Visiting Ankara in early December 1981, at a time when the European Common Market countries had halted more than $600 million of aid to the new Turkish junta for its human rights abuses, Defense Secretary Caspar Weinberger told General Kenan Evren that “we admire the way in which the order and law have been restored in Turkey.” The military government, he said, had “lived up to our expectations.”
As Cold War tensions have eased between Washington and Moscow, so have some American “expectations” of their Turkish allies. But the dynamic of great power relations is still a competitive one: As Ömer Karasapan observes in these pages, the military infrastructure built up over the past 40 years, and particularly over the last decade, ensures that Turkey will continue to represent an important military and political “asset” in the coming phase of US-Soviet relations.
Washington’s “expectations” of Turkey in the 1980s never featured human rights, and the improved situation there today owes primarily to the persistent, courageous work of activists there. Herman Schwartz, in his interview in this issue, juxtaposes the “casual heroism” of the critics of the regime with present-tense reports of torture he heard in his investigation of prison conditions. Schwartz’s observations, along with the cultural inquiries of Martin Stokes and Miriam Rosen, reflect the impressive recuperative powers of this society.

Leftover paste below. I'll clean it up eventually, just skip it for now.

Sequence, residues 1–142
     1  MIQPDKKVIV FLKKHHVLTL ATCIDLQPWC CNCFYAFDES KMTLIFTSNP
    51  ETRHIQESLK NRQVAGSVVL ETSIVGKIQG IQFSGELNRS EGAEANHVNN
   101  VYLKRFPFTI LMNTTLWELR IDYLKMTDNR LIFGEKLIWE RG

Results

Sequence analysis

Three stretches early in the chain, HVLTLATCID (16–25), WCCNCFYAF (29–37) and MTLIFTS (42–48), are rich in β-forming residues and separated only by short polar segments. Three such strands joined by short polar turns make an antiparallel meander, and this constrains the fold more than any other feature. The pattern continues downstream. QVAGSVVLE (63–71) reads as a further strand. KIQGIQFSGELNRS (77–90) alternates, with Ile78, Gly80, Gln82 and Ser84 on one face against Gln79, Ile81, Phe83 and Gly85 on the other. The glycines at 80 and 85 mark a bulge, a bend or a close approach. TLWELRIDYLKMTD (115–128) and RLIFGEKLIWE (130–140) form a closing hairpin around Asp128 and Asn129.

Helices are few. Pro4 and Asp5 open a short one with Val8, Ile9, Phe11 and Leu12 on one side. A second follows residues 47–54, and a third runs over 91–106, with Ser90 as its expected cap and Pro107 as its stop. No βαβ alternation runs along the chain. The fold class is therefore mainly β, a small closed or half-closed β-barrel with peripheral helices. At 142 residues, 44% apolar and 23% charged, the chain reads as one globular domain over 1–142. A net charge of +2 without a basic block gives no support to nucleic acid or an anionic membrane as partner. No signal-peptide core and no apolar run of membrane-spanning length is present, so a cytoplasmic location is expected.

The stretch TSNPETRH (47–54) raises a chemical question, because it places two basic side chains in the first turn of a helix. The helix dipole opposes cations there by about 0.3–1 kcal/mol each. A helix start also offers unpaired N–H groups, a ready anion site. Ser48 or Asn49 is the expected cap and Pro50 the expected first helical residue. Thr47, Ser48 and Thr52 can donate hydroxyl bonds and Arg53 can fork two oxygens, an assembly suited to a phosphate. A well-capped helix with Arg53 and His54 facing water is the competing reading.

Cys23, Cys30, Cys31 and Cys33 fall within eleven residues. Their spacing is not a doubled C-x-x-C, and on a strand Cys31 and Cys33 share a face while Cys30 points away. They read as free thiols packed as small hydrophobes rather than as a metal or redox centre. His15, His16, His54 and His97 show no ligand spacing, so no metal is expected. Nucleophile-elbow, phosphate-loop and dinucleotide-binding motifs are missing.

The early August media attention to the competition for hostages between Israel and the Lebanese Party of God stands in contrast to the perfect media silence that attended an important meeting in Toledo, Spain, a few weeks earlier. “Jews of the Orient and Palestinians: A Dialogue for Arab-Israeli Peace” was mainly the work of two Paris-based groups, Perspectif Judeao-Arabes and Identite et Dialogue.
Two of our contributors, Ammiel Alcalay and Ella Shohat, were there. According to Ammiel, this was the biggest Israeli delegation so far — some 40 in number — to meet with PLO representatives, among whom were executive committee member Mahmoud ‘Abbas (Abu Mazen) and poet Mahmoud Darwish. The Israeli group included academics, artists, businesspeople, professionals, activists with working-class backgrounds, and even two rabbis. Almost all were of Middle Eastern background, and active in groups like East For Peace and the Oriental Front.
“Many gave their presentations in Arabic,” Ammiel told us, “which made for a very different atmosphere than usually exists in these meetings.” In order to get around the Israeli law forbidding Israelis from political contacts with PLO members, the session was billed as an academic conference and sponsored by the Madrid-based Foundation for Studies on Peace and International Relations. Avi Bardugo, a lawyer and activist who was one of the first speakers, joked that the Israeli establishment never counted on there being 40 Oriental intellectuals, so could hardly have imagined such a meeting taking place.